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6.43 Protein Turnover/Degradation

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  • Page ID
    1499
  • Proteins serve a number of functions in the body, but what happens when cells, enzymes, etc. have completed their lifespan? They are recycled.

    Figure 6.431 Recycling symbol1

     

    Proteins are broken down to amino acids that can be used to synthesize new proteins. There are 3 main systems of protein degradation:

    1. Ubiquitin-proteasome degradation
    2. Lysosome degradation
    3.  Calpain degradation

    1. Ubiquitin-Proteasome Degradation

    Proteins that are damaged or abnormal are tagged with the protein ubiquitin. There are multiple protein subunits involved in the process (E1-E3), but the net result is the production of a protein (substrate) with a ubiquitin tail, as shown below.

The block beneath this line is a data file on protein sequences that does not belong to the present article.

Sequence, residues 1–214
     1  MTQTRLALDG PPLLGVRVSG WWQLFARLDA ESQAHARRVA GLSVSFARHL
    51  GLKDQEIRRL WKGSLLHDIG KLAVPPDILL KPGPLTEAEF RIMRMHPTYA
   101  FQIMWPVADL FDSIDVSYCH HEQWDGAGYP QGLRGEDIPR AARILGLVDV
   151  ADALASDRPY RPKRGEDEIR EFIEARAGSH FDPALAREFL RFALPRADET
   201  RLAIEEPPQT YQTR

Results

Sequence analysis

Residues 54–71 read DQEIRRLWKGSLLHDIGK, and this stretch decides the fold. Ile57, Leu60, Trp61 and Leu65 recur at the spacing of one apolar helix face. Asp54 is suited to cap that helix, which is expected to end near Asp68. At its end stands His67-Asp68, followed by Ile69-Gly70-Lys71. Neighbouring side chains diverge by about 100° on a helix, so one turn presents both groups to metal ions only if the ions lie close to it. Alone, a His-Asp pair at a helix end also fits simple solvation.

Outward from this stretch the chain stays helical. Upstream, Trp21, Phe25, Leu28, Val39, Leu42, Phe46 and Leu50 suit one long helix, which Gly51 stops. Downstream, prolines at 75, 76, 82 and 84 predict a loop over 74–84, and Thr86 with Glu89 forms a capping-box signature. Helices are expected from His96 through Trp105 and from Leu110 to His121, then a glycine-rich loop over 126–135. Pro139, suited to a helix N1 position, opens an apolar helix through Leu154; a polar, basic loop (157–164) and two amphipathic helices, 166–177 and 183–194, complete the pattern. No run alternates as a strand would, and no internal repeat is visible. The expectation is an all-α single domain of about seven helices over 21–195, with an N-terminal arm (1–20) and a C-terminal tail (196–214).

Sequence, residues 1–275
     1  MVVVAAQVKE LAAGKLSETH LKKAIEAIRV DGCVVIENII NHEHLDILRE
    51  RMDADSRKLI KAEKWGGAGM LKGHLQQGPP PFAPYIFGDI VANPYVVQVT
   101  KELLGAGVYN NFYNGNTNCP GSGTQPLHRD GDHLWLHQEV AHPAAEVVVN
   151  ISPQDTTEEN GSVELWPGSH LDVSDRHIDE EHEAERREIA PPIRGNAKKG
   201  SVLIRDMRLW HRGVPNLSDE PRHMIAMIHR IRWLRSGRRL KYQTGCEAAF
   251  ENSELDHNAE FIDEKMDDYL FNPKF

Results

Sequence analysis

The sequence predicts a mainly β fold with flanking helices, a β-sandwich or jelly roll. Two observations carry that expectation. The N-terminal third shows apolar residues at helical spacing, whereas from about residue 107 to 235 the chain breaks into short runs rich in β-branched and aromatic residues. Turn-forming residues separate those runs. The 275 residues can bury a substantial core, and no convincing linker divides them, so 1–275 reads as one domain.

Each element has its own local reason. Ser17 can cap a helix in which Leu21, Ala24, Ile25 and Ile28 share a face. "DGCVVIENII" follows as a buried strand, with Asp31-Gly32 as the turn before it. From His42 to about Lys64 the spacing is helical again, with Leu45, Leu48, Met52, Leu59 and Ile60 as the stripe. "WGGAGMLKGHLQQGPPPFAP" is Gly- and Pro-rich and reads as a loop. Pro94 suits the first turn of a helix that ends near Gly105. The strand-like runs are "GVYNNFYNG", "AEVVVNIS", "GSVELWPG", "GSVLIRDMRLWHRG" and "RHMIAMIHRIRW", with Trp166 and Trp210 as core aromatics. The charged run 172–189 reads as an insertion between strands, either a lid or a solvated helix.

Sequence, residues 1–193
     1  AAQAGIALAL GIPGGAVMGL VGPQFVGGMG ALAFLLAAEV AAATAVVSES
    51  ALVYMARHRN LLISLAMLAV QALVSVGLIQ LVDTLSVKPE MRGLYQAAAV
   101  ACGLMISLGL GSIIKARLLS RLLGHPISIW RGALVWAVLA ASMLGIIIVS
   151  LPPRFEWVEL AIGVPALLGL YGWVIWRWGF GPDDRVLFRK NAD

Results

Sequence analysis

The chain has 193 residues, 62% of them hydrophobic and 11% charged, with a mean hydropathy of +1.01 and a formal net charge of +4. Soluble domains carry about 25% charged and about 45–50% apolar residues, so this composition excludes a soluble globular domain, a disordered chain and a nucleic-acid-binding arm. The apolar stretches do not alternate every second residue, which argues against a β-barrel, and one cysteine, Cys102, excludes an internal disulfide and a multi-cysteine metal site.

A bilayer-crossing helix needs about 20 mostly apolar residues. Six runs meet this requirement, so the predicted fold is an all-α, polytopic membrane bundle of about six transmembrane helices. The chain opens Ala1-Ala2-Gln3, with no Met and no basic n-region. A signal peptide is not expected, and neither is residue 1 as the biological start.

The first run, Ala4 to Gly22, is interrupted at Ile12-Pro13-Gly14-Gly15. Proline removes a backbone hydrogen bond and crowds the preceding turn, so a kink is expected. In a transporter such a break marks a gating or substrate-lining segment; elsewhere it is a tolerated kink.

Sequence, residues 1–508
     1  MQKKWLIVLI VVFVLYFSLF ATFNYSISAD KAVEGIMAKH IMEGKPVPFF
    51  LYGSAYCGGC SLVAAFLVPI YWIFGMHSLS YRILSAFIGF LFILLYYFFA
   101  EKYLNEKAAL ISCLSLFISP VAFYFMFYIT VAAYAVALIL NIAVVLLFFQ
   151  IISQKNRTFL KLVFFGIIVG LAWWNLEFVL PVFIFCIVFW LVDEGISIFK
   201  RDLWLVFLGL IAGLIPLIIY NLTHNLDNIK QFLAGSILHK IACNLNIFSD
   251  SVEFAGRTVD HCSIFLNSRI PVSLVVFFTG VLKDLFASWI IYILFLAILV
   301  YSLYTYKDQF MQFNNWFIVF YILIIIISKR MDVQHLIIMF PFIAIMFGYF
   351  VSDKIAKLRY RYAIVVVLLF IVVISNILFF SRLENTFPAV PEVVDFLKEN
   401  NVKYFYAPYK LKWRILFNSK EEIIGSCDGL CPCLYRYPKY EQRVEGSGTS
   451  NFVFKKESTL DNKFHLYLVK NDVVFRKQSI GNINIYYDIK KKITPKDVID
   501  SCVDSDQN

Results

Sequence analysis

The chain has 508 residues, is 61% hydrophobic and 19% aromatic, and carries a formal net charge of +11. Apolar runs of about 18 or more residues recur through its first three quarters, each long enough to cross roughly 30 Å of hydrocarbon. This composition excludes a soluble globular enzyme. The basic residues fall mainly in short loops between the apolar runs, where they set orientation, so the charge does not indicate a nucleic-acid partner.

Figure 6.432 Ubiquitination of a protein (substrate)2

    This protein then moves to the proteasome for degradation. Think of the proteasome like a garbage disposal. The ubiquitinated "trash" protein is inserted into the garbage disposal where it is broken down into its component parts (primarily amino acids). The following video illustrates this process nicely.

    Web Link

    Video: Proteasome Degradation (0:44)

    2. Lysosome Degradation

    The lysosomes are organelles that are found in cells. They contain a number of proteases that degrade proteins.

    Figure 6.433 Lysosomes are organelles within the cell3

    3. Calpain Degradation

    The last degradation system is the calpain system, which is not as well understood, but does require calcium.